The San Juan Winery was founded on June 11, 1912 by Don Juan Rodríguez Quegles and his wife, Carmen Millán Socorro. The couple acquired the winery from Lieutenant Manuel Marcos Benítez who had taken part in the Cuban War of Independence.

Mr. Juan Rodríguez Quegles founded the first bank in the Canaries and was a distinguished entrepreneur. His business interests led him to become involved in commerce, especially with Cuba, from where he imported the wood used to make the ceilings in the wine press and storage rooms at the Winery (still in perfect condition and now re-purposed as event hall).

In the early 20th century, with Don Juan Rodríguez Quegles at the helm, the winery gained prominence in Europe. The phylloxera plague that devastated the Continent and decimated its wine production in the late 19th century made wines from the Canaries, which had been spared the plague, highly coveted and appreciated at the time.

Back then, the winery was already receiving frequent visits from cruise ship passengers, mostly English travelers on the so-called “grand tour.” These passengers stayed at the hotel school and visited the estate to buy wine and see the facilities. Merchants took advantage of these visits to set up stands selling their handicrafts and music bands would come entertain the visitors. After visiting the winery, the cruise passengers stopped by the neighborhood of La Atalaya to buy pottery before visiting the Bandama volcanic crater.

The Civil War marked a turning point for the winery. In fact, the winery’s history during those years has been obscured and its activity was limited during the war period. After the War, the current owner’s grandfather, Don José Millán Rodríguez, took the reigns, obtaining the winery’s first wines, which became important within the old Monte Lentiscal appellation of origin.

During this period, one especially coveted wine was the winery’s Muscat liqueur wine, which was sold to both the foreigner public and on the national market, where it became popular as an after-dinner wine and appetizer. Some old customers still stop by asking for Don José to this day. Red wine also gained prominence due to the area’s natural organoleptic properties, which produce a wine with a great personality.

Don José founded our winery’s wine museum. After collecting the sort of antique machinery and accessories that were used to make wine starting in the early 20th century, Don José set the museum up next to wine-press room. Visitors were offered an exhibit explaining the history of the winery with examples of the traditional techniques used to produce wine, harvest grapes and control the quality of the wine produced.

After Don José, the next generation took over: his sons Juan Carlos, Gabriel and José, and the younger José’s son Javier, took turns producing wine and organizing tourist visits. This most recent period brought had a more didactic side for visitors, with schools and tourists coming to visit a historic activity that had retained its artisanal flavor.

Starting in 2006, as market conditions changed, the activity was affected by circumstances in the country and the family decided to stop producing wine. The grapes were sold to other wineries within the appellation of origin and Bodega San Juan entered a long period of lethargy.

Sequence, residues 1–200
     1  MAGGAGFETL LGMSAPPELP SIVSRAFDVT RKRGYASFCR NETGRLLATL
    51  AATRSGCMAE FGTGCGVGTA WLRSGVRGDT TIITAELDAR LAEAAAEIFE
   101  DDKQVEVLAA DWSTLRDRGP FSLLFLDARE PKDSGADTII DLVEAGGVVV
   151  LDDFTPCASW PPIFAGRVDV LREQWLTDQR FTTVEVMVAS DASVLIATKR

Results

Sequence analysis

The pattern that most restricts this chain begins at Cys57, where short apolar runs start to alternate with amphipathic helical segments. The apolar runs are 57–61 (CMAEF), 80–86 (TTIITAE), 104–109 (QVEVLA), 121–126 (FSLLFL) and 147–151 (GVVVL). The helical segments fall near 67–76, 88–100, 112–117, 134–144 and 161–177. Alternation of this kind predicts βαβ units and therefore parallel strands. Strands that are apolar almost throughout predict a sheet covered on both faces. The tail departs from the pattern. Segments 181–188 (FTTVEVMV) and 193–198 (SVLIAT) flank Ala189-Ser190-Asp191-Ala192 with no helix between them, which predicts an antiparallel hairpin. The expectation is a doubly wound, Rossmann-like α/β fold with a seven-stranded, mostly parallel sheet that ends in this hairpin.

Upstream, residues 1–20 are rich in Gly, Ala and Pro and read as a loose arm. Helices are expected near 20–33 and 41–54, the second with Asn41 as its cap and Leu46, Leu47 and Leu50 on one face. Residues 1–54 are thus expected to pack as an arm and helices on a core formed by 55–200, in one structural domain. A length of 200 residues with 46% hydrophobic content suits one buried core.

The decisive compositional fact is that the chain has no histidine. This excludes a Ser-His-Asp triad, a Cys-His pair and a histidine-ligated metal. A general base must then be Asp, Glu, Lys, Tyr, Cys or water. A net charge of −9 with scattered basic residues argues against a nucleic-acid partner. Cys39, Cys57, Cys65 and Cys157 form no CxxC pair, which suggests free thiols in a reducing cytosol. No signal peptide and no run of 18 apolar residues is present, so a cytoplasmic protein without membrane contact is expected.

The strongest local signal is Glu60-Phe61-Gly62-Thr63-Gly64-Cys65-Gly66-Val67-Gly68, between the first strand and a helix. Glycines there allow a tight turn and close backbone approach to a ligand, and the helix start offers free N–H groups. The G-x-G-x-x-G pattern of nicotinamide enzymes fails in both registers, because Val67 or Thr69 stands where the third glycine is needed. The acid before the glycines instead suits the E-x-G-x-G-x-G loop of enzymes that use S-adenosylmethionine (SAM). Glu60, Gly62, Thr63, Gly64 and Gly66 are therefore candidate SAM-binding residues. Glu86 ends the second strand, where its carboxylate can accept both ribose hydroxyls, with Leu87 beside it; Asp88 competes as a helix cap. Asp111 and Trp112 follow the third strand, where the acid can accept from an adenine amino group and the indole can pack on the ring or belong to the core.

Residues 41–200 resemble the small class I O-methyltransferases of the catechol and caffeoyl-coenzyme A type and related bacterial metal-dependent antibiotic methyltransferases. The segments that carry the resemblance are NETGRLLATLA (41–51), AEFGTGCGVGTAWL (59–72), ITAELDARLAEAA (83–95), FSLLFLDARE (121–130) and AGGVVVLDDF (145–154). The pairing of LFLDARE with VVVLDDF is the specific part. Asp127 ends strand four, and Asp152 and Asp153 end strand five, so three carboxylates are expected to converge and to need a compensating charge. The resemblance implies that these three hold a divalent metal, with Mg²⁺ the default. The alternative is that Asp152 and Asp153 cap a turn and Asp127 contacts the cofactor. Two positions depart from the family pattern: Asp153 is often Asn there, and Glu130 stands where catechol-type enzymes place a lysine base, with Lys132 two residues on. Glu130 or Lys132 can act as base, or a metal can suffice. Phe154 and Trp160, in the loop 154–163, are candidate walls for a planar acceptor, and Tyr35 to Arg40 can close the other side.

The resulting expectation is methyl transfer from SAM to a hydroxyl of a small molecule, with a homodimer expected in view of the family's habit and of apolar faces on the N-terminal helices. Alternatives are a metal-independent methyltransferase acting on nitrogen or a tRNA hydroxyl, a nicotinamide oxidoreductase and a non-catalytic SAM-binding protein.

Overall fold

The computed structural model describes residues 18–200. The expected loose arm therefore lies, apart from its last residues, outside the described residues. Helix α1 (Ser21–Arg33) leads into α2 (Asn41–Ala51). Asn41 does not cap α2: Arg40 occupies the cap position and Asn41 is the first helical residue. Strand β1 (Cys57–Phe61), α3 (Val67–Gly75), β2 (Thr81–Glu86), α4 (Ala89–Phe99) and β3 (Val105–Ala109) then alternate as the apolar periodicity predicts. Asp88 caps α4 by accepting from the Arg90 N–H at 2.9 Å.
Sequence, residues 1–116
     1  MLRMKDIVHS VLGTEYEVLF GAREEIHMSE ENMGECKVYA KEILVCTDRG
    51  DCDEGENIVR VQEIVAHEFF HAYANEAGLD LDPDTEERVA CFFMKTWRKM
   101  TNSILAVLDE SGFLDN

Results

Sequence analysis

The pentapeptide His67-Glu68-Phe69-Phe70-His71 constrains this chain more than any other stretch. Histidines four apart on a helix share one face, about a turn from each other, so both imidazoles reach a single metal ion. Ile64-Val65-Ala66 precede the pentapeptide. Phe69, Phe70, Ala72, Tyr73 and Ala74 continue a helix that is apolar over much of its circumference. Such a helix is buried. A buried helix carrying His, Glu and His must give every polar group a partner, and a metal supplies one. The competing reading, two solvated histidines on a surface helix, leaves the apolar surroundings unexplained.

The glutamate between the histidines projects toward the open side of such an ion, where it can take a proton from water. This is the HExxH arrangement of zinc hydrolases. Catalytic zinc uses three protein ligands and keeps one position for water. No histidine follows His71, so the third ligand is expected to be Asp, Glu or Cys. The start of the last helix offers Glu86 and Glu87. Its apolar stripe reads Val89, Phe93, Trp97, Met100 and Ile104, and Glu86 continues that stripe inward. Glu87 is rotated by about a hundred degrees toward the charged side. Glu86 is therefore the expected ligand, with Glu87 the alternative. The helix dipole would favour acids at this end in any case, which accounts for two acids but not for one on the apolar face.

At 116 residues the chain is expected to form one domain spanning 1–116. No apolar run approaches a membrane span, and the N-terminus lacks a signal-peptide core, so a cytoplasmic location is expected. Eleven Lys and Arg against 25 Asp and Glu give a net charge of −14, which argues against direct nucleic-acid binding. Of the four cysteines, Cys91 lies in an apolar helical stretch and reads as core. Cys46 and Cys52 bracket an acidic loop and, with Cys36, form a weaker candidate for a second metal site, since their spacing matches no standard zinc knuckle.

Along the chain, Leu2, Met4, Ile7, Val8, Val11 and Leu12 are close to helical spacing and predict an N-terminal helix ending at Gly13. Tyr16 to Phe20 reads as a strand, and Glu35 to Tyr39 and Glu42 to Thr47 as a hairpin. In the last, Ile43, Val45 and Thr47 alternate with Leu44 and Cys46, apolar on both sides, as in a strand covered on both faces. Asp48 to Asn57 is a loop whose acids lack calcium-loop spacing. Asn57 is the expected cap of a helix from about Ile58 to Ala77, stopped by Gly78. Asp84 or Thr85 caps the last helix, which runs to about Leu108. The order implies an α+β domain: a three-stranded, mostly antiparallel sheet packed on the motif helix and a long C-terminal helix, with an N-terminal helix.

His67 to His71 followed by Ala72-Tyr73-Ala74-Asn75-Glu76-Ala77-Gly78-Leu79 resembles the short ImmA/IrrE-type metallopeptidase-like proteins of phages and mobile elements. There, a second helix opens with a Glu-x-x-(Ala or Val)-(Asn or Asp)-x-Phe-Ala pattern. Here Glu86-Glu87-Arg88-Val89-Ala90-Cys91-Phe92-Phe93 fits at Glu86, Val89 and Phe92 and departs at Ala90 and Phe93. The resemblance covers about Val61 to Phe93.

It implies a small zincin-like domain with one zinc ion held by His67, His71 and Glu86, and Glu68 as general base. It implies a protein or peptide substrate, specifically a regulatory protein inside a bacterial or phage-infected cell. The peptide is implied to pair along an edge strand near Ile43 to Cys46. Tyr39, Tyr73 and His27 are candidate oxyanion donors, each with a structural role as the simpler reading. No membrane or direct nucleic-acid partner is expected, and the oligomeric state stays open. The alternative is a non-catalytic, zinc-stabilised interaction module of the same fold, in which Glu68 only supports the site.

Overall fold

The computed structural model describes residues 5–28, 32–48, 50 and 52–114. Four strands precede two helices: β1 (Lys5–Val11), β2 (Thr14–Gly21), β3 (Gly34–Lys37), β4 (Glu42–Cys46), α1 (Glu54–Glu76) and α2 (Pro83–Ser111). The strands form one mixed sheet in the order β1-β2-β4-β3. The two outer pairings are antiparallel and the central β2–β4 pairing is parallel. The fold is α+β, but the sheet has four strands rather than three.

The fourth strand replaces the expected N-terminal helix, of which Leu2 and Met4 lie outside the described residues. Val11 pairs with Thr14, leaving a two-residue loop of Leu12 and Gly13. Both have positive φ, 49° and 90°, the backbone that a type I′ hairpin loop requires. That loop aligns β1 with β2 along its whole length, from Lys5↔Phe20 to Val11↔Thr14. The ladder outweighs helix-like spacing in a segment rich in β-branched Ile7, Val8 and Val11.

In early 2017, when the younger José’s daughter, and Javier’s sister, Cristina Millán (fifth generation) was pregnant with Inés (sixth generation), the family decided to put the winery back in operation. As a child, Cristina had soaked up her grandparents’, uncles’ and family’s tradition and know-how, complementing it her own training as an Agricultural Engineer as well as several masters in the fields of viticulture, enology and business management. After contacting Carmelo Peña–a young enologist from the Canary Islands with ample experience in leading Portuguese and European wineries–the family resumed wine production and re-vamped the estate to facilitate tourist visits.

The winery is made up of three large wine-press rooms with two wine presses, one of which is unique in the Canaries: a spindle press brought over from Lyon (France). The average volume of production is about 6,000 liters. The grape varieties found on the estate are mostly Listán Negro, and also, in smaller quantities, Negramoll, Listán Blanco and Malvasía as well as a lesser proportion of Muscat.

In the first harvest of this new stage (2017), with 2.41 hectares of vineyards on an estate covering a total of 5, the winery has produced Mocanal red wine using the estate’s own Listán Negro and Negramol grapes. But, within a few years, the idea is to start producing the Muscat liqueur wine that made the San Juan Winery famous years ago.


The winery’s objective is to uphold tradition while applying agricultural and wine-production advances and know-how. In the near future, the San Juan Winery would like to produce red, white and Muscat wine once again.

Another of our objectives is to turn our estate into a symbol of ecological wine in the Canaries, to adapt the winery so that it can receive visits from tourists–who will learn about the wine-making tradition and how wine is produced today and sample native products–every year.  And, of course, to make the winery accessible to people in our own region, so that they can learn about the history and the present of wine making in the Canaries.

We also hope to use the events hall for wine tastings, exhibits, (catered) corporate meals, weddings, business events, baptisms, communions, celebrations, etc.